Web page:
Conley: A good many of them are Cherokee historical fiction; I think someone could probably read that series of books and get a good idea of Cherokee history. Even though it's fiction, as much as possible it sticks to the facts as we know them about Cherokees.
ICT: Why do you choose to write from a fiction angle?
Conley: Well, when I started writing them, it was fairly easy to sell historical fiction. But mostly because I thought that more people might be likely to pick up a novel than they would a history book. I hoped I would get a broader readership that way.
ICT: Do you hear from Indian people about your novels?
Conley: Yes, from quite a few, actually. A lot of Cherokees back home read them and have commented to me about them. I hear from people in far-flung places, too--positive responses, so far--I've been very lucky.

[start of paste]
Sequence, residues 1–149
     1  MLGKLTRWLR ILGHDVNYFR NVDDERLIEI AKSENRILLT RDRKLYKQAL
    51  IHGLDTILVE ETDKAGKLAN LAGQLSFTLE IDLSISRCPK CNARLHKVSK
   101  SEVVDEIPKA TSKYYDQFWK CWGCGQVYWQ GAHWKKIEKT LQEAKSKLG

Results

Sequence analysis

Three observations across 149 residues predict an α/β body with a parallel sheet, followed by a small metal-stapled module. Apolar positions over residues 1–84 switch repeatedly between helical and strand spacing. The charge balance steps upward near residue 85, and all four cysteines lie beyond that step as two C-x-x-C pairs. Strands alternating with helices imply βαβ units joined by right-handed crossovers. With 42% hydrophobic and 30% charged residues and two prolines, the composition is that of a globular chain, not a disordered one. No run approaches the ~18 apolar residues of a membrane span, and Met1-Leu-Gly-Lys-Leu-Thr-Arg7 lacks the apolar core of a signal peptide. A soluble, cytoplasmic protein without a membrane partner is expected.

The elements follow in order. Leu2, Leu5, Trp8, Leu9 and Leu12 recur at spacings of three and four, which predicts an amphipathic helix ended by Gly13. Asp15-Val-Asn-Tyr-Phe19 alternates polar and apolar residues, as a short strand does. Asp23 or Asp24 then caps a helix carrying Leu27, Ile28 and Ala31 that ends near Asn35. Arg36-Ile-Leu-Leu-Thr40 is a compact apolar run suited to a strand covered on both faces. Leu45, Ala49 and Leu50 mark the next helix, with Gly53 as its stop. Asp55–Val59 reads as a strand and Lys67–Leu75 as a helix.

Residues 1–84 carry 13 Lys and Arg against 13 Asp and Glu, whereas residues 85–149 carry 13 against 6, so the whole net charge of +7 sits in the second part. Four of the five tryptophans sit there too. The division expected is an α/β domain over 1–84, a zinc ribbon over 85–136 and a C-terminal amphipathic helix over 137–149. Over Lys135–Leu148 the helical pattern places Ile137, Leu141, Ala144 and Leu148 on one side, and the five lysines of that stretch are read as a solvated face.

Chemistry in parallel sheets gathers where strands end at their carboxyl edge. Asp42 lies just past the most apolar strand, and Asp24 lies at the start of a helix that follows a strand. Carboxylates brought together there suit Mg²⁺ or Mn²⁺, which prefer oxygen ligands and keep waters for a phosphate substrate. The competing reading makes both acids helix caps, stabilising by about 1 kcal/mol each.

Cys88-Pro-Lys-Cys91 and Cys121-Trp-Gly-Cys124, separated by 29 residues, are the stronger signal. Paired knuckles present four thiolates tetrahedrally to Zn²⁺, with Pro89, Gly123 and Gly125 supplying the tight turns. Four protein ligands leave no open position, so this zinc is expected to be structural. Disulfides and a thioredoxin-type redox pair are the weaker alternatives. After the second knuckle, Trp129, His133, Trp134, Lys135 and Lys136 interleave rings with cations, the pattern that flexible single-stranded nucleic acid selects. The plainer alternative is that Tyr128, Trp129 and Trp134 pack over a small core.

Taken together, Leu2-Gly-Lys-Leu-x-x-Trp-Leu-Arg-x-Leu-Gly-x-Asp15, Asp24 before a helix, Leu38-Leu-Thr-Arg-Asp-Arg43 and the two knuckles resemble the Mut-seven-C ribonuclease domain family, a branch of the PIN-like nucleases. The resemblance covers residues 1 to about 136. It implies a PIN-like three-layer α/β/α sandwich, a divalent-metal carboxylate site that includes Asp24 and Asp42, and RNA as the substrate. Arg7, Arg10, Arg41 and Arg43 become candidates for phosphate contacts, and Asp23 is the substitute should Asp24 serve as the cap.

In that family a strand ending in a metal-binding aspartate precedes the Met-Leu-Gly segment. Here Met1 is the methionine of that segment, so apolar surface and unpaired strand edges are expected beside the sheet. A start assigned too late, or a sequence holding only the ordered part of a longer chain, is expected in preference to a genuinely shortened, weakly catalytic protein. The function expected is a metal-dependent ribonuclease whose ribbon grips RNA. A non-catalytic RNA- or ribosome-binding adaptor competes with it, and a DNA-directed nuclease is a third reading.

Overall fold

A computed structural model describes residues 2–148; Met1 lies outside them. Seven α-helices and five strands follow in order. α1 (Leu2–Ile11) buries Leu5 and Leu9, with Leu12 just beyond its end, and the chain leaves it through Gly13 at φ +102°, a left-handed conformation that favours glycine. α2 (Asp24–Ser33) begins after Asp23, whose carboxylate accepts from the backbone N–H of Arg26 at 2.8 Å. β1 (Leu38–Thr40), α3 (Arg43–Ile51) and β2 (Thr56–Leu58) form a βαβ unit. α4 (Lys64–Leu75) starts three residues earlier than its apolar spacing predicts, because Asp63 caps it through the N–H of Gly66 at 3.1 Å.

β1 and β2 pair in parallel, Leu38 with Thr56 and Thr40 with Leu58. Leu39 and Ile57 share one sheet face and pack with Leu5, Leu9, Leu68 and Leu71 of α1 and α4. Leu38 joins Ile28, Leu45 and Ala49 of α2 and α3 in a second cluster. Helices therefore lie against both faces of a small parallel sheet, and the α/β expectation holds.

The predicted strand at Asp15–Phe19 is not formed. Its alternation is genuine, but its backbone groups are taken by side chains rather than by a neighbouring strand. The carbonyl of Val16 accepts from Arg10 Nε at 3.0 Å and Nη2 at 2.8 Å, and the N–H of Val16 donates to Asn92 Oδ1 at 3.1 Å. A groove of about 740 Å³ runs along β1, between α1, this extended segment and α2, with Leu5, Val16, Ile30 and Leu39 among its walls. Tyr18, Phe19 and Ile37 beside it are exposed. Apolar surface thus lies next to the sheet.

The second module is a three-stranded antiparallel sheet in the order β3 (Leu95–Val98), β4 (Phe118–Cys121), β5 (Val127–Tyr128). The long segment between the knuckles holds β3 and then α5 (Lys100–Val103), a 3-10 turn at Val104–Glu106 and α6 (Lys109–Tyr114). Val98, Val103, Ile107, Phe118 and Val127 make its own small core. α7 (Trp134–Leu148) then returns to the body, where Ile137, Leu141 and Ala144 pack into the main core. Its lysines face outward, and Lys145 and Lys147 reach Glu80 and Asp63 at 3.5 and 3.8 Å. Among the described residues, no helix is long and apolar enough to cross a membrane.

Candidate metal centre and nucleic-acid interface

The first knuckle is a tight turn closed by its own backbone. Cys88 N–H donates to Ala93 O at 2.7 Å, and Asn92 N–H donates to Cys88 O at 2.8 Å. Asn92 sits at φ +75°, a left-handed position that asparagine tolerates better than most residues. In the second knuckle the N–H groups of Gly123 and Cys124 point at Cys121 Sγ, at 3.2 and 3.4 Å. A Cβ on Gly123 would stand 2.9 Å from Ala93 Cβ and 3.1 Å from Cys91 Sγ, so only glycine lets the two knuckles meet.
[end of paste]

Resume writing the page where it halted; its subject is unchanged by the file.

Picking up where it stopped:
ICT: What's your favorite book you've written?
Conley: That's a tough one to answer, but I think, maybe, one called "Cherokee Dragon." It's based on the life of a Cherokee whose name was Dragging Canoe. And the colonists made that play on words, and called him the Cherokee Dragon. It's basically the story of the Cherokees through the American Revolution. That's an important story for people to know and understand. A significant number of the Cherokees fought on the side of the British, and their reasons were very good. The British wanted to contain the colonies on the East. So, the Cherokees and some other Indians joined the British in an attempt to keep the colonies where they were.
Writerfella here --
Robert Conley and writerfella met as Host Writers at the first Native Voices writers conference held at Oklahoma University in the 1990s, and even roomed together at the Red Earth writers conference held at Oklahoma City University a few years later. We got along famously as we both love our beer...
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